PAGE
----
All the tape

As is the case with any tool kit, you’ve got to have duct tape. From temporarily fixing leaks and other on-the-go repairs, you’ll be so happy you have it. On top of that, you’ll want to pack Rhino tape and electrical tape so you can deal with any issues that arise. Tape could be your best friend in a pinch, so you can never have too many options in your back pocket.

Zip ties

In the same vein, you might find yourself in a pinch and in need of an easy and creative fix. Especially when it comes to RV travel, you want to be sure everything is secured in place. Zip ties (and tape) are some of the best things to keep on hand.

Dawn Dish Soap © Rex Vogel, all rights reserved

Tape measure

Self-explanatory! We use ours endlessly. You never know when you will need to measure something in the RV. A 25-foot tape measure should be more than long enough for most situations. Knowing if an item will fit before buying it can save you many dollars and headaches.

Bungee cords

There’s a laundry list of applications for which bungee cords will help you: keeping water containers upright in your truck bed, securing heavy tools so they don’t slide around, securing cupboard doors, expanding your carrying capacity by allowing you to strap camping gear to your roof rack. I recommend having a variety of different lengths and thicknesses so that you have the right bungee cord for the job.

First aid kit

No one should leave home without a first aid kit especially when they’re going on an extended adventure. This is why first aid kits are a necessity in every RV. First aid kits include the essentials such as bandaids, antiseptic wipes, gloves, swabs, scissors, iodine pads, and an emergency blanket. Some first aid kits come with a first aid guide.

Reversible mat

Much of the RV experience is spent relaxing outside the rig, perhaps under an awning but certainly on the ground alongside the RV. A mat which can be used to provide some underfoot protection goes a long way toward making the experience that much more comfortable.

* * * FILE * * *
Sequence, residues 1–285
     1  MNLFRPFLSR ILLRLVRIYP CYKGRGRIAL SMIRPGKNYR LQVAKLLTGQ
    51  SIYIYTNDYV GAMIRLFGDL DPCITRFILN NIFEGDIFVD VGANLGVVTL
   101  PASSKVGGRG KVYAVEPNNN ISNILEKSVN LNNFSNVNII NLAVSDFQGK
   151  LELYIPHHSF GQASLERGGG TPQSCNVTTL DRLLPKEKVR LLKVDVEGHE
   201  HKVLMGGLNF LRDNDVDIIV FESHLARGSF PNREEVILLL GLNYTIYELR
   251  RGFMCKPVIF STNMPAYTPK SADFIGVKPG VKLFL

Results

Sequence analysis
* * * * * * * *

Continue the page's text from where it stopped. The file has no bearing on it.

Disposable vinyl gloves © Rex Vogel, all rights reserved

Utility knife

A utility knife is a fantastic tool to have in your tool kit. It cuts with a removable razor blade, so the edge is both incredibly sharp and very disposable. That means this type of knife is ideal for all of the grunt-work cutting jobs that are too difficult for scissors and too dulling and damaging for a nice pocket knife.

Pliars

Any good set of pliers will do but you’ll definitely need them in your RV tool kit. Needle nose pliers are perfect for harder-to-reach applications and great for precisely pinching connectors when finishing electrical repairs.

Vice grips

Another variation of pliers, locking vise grips allow you to maintain a better grip without constantly squeezing with your maximum strength. They’re also useful for holding things in place temporarily.

Hammer

A claw hammer is always good tool to have available. In addition to using it as a hammer, you can use it to bend things back into shape, knock something loose, or use the claw as a crow bar to pry something apart.

Water pressure regulator © Rex Vogel, all rights reserved

Water pressure regulator

Since water pressures vary depending on where you’re camping, a pressure regulator is a small but vital addition to your RV tool kit for protecting your RV water system.

Folding step stool

Whether you’re 5 feet 2 inches or 6 feet 2 inches, a step stool is a handy accessory to have in your RV. They help you reach higher storage areas and can provide an extra step up into your rig.

Camp chairs

There’s nothing more relaxing than sitting around a campfire in the middle of nowhere but it’s a little hard to do that if you don’t have anything to sit on. Folding camp chairs are compact, comfortable, easily stored. 

Hammock

Not really a tool but hammocks bring some comfiness to the outdoor space. When you arrive at that epic campsite you can set up a cozy reading or napping nook in the trees.

Jack pads © Rex Vogel, all rights reserved

What’s in Your RV Tool Kit? 

As you can see, there are many tools that you’ll find helpful in your RV tool kit. Most don’t take up much room but you’ll be glad you have them. Having the appropriate tools can help reduce anxiety and stress, especially in emergencies. 

Conclusion

Whether you’re a weekend RVer, a snowbird, or a full-timer, carrying an RV tool kit is important. But you don’t need to break the bank for the basics. Many of the tools and items noted in this article may be things you have on hand. If you keep them together in a versatile tool kit, you can move them into the RV whenever you travel. Or better yet—simply reach for your RV tool kit when you need to do a project at home.

Worth Pondering…

By failing to prepare, you are preparing to fail.

—Benjamin Franklin